Student opposition to government reforms, including European harmonisation plans, has led to a wave of strikes and demonstrations at French universities.
The movement started when students at Toulouse-2 (Mirail) University went on strike in mid-November. Since then, the universities of Montpellier, Bordeaux 2 and Bordeaux 3 have joined the strikes. At the weekend, Mirail students met delegates from other protest committees including two Paris faculties.
Thousands of students demonstrated last week during a national strike in support of public services, and Mirail called another rally for this week.
Mirail students have had contact with universities in Spain and Portugal, and have called a "European day of mobilisation" on December 12.
The protests are directed against reforms that students claimed were eroding public-service higher education and leading to "privatisation" of the sector. The students also claim state-funded work experience is a subsidy to the private sector.
They said that the principle of free university education with open access to all was under attack. They cited developments including European harmonisation, which will lead to abolition of some national degrees, decentralisation, rises in student fees and cuts in the education and research budgets.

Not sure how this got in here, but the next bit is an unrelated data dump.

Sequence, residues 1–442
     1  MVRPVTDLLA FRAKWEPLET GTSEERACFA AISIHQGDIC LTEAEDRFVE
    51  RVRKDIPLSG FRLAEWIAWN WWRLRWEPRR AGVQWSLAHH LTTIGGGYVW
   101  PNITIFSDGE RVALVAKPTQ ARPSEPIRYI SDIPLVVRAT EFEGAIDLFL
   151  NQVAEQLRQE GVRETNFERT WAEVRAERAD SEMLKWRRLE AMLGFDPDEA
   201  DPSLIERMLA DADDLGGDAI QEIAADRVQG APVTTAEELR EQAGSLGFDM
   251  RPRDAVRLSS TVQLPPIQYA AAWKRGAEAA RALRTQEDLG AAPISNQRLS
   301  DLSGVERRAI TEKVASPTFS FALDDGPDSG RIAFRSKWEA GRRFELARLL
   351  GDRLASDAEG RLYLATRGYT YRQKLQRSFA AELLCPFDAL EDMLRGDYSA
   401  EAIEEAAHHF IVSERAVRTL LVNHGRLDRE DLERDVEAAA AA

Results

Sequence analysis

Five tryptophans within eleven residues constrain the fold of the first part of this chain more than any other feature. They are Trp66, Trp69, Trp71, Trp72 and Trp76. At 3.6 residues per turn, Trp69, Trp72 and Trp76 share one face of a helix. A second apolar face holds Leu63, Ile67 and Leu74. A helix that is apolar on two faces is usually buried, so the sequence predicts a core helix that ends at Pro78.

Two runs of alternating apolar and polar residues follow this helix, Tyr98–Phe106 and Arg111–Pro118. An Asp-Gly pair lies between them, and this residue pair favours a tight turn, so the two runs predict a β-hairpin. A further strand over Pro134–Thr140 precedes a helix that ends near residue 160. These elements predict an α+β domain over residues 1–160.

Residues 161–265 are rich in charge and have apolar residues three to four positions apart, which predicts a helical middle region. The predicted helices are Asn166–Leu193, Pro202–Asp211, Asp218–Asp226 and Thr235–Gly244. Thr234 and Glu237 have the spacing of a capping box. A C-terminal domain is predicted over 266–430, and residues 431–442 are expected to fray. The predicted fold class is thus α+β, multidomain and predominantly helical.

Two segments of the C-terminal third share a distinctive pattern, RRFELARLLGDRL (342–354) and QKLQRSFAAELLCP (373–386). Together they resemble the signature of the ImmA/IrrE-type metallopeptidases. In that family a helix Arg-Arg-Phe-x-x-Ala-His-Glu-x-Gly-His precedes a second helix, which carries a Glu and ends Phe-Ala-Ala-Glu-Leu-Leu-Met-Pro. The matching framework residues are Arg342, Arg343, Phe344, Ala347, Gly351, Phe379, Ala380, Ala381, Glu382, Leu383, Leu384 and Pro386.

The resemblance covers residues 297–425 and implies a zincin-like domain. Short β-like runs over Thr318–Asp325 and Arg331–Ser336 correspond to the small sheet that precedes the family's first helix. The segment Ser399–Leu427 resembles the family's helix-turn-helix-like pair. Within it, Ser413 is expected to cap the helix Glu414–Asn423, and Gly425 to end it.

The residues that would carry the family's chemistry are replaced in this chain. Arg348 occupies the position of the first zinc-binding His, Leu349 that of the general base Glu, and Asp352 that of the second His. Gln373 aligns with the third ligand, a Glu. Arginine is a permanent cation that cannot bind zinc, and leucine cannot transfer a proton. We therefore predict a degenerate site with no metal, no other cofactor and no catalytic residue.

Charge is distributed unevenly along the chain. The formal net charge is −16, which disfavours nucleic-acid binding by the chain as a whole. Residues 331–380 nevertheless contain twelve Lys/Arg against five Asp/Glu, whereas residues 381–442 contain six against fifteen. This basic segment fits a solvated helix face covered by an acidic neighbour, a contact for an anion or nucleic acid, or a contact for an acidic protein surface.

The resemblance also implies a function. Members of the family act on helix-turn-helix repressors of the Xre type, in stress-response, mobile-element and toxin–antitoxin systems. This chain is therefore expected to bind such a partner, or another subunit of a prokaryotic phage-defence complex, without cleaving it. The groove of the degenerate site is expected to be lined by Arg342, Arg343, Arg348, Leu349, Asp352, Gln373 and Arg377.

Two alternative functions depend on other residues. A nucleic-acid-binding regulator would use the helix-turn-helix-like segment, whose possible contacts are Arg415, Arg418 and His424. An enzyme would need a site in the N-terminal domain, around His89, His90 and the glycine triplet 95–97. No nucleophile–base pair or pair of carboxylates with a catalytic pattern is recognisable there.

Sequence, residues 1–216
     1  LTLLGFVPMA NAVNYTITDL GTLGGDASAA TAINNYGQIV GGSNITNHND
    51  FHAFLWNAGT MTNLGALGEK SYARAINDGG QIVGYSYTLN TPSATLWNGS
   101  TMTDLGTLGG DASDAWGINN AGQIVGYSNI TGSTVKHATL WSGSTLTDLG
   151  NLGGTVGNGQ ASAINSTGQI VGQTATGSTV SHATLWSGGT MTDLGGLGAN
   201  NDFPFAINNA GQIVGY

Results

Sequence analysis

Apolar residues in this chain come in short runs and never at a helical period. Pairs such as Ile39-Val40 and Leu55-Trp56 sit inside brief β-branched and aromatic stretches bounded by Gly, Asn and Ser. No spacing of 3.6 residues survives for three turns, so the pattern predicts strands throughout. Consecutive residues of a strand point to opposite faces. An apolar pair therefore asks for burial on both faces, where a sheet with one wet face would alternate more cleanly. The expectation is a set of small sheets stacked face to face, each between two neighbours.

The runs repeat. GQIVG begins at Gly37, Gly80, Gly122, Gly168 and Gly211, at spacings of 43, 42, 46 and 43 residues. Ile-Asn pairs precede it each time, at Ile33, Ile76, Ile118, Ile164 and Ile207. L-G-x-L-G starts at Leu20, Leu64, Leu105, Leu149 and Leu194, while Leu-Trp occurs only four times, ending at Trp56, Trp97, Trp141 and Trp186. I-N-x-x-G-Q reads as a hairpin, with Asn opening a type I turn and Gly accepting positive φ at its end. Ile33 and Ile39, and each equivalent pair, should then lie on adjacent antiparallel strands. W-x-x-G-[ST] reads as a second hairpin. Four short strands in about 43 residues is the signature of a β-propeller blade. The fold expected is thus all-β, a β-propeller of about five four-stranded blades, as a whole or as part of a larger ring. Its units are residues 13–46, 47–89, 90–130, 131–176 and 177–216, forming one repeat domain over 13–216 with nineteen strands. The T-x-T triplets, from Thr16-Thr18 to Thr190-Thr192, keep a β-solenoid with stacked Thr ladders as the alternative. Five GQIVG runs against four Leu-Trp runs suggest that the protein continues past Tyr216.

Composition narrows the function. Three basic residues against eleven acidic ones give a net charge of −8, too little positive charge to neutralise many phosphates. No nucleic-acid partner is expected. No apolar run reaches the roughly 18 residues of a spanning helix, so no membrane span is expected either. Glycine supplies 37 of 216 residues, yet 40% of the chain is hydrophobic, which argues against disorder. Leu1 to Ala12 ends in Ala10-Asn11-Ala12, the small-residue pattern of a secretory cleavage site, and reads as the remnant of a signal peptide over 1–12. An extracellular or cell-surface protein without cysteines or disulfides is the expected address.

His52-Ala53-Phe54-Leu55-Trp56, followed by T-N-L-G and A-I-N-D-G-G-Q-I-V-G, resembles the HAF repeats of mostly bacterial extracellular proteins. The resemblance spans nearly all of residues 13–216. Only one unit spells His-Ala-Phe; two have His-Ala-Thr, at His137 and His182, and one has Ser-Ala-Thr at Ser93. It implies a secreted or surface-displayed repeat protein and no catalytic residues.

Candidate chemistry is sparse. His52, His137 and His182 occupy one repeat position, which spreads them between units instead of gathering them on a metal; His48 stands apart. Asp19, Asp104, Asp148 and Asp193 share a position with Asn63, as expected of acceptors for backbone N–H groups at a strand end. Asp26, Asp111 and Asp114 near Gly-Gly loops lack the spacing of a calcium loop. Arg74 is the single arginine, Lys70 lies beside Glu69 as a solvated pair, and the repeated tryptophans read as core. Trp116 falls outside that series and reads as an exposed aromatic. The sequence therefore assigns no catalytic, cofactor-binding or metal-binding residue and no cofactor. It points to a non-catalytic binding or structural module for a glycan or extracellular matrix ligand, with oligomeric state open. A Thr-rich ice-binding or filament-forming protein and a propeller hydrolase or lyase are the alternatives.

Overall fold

The government and university presidents are committed to phasing in the European university structure by 2010. This will include diplomas following three, five and eight years of studies, known as LMD (licence-master-doctorat), and the European credit-transfer system.
Following the 1999 Bologna declaration, which laid the foundations for a European Higher Education Area, the decrees were adopted a year ago and the first universities have started their new programmes.
Student union SUD-Etudiant said: "Under cover of European harmonisation, these reforms are intended to turn universities into a market for profit."
Credit-transfer would produce a system based on workload, not on knowledge, and would penalise students who had to take paid work, it said.
While enrolment was virtually free 20 years ago, annual fees were now at least €300 (£191).